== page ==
Monday, January 26, 2009

The Boss Is Back

Bruce Springsteen's latest album, Working on a Dream, is to be released Tuesday.

According to the Associated Press, Springsteen believes music can influence society:

"He tells Rolling Stone magazine he doesn't think rockers have a whole lot of influence, but can create a vision of the world as it should be."

We live in a society that is highly populated with avid listeners and musicians, so Bruce’s words hit home. The album's title-track is embedded with his revolutionary message. Springsteen’s lyrics are inspiring: “I'm working on a dream / Though sometimes it feels so far away / I'm working on a dream / And I know it will be mine someday.”

The video for Working on a Dream (posted here, courtesy of Yahoo! Music) runs through various aspects of the writing and recording process. It shows Springsteen deep in thought, often with a smile on his face. His lyrics are simple, and true. Aspiration and effort are without a doubt two essential components of a rocker’s mix, and are also integral to personal achievement.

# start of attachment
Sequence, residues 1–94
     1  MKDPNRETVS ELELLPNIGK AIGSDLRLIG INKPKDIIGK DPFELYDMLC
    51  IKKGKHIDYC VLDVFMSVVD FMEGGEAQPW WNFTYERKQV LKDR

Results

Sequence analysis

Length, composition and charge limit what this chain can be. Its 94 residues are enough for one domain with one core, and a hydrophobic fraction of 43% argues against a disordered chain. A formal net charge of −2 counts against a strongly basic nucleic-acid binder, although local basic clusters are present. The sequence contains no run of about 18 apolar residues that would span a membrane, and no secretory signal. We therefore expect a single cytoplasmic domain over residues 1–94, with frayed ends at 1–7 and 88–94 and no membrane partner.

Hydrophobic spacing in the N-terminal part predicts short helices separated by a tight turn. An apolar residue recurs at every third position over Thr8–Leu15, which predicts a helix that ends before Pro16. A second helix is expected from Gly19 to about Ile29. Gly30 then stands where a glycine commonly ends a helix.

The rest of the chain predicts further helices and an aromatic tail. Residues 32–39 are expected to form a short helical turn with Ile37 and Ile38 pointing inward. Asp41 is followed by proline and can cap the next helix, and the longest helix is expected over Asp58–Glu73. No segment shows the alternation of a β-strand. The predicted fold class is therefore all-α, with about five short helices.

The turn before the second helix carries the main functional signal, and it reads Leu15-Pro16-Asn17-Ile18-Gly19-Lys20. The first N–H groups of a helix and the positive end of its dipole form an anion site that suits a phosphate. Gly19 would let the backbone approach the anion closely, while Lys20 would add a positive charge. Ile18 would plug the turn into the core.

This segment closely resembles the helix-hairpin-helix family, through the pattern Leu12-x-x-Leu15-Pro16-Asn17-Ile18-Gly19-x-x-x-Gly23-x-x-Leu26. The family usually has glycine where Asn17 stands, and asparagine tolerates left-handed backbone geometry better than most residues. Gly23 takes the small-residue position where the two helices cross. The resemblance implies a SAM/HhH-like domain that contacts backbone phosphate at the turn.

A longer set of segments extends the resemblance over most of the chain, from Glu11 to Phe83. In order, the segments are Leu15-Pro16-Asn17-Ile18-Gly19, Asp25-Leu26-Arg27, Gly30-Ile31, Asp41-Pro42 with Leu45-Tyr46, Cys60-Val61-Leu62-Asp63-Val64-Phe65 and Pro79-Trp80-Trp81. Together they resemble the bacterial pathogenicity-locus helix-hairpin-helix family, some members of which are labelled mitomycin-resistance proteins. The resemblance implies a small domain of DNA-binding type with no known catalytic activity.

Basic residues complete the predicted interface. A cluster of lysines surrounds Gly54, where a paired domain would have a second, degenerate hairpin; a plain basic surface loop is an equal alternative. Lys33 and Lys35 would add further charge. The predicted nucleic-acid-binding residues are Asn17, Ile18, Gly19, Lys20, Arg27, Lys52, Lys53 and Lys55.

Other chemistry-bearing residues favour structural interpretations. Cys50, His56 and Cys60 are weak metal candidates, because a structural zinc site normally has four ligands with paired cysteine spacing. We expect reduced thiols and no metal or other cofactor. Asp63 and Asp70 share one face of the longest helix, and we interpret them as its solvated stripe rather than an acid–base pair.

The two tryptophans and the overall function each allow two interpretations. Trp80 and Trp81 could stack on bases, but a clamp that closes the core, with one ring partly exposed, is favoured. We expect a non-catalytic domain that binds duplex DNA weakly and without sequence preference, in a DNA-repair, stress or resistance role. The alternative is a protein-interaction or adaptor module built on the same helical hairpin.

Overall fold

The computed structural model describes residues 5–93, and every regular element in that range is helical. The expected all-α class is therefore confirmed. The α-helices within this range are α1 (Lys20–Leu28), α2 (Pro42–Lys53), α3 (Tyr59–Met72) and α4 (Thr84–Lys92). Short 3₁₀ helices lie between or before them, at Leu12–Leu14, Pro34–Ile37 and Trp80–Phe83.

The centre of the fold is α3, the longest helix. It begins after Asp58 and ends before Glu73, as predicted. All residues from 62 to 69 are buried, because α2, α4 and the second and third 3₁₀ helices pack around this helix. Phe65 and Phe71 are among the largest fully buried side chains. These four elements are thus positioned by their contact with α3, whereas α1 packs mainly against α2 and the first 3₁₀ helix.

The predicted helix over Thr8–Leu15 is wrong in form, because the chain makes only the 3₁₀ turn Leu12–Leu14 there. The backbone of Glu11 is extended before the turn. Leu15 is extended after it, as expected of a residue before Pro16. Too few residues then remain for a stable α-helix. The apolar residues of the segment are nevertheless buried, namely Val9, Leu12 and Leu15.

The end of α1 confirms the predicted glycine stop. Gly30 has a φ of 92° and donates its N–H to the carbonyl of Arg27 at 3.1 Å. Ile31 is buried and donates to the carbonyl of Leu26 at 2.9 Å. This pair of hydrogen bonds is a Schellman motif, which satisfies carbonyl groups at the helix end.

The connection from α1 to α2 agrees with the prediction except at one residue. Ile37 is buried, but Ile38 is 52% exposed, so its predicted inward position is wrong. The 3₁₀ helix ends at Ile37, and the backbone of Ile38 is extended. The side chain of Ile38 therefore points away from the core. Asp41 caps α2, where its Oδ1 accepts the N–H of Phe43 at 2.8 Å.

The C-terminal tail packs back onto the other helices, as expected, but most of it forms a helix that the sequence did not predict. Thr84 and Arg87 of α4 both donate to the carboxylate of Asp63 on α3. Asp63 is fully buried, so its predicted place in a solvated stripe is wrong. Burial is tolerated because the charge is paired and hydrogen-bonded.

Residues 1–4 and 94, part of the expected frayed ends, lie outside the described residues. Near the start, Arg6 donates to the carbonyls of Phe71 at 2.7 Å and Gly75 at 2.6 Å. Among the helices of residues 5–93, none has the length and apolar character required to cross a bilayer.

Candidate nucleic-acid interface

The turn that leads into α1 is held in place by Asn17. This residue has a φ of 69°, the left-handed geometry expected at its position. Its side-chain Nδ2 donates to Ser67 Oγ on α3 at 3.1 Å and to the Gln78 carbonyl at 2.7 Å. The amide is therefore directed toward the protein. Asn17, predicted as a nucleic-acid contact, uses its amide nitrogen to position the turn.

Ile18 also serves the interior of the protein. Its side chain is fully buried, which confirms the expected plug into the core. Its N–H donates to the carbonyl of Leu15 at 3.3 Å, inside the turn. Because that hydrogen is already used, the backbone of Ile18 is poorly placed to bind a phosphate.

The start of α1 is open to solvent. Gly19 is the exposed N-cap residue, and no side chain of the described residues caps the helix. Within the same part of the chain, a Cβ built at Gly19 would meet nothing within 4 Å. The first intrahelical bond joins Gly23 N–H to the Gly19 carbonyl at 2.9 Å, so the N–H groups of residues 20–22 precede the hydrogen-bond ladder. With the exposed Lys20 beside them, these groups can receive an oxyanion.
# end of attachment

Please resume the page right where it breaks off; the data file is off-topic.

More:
A sneak preview of Life Itself, thanks to the Irish Times, allowed me to further glimpse into Springsteen's 24th album. A catchy piece, and undeniably a love song, Life Itself carries a pounding rhythm that merges with Bruce's strong chorus: "You were life itself, rushing over me..." The drum and guitar beat also leads the verses, which are slowed with sometimes layered vocals. What sounds like slide guitar riffs carries listeners into the heart wrenching bridge: "Why the things that we treasure most slip away in time / 'Til to the music we grow deaf and to god's beauty blind / Why do the things that connect us slowly pull us apart / 'Til we fall away in our own darkness, stranger to our own hearts.”

Here's the track listing:

  1. Outlaw Pete
  2. My Lucky Date
  3. Working on a Dream
  4. Queen of the Supermarket
  5. What Love Can Do
  6. This Life
  7. Good Eye
  8. Tomorrow Never Knows
  9. Life Itself
  10. Kingdom of Days
  11. Surprise, Surprise
  12. The Last Carnival
Plus, there are two bonus tracks in store -- The Wrestler, and A Night with the Jersey Devil.

Can’t wait for Tuesday? Download Life Itself!

Thursday, January 22, 2009

Obama: A Sound Movement for America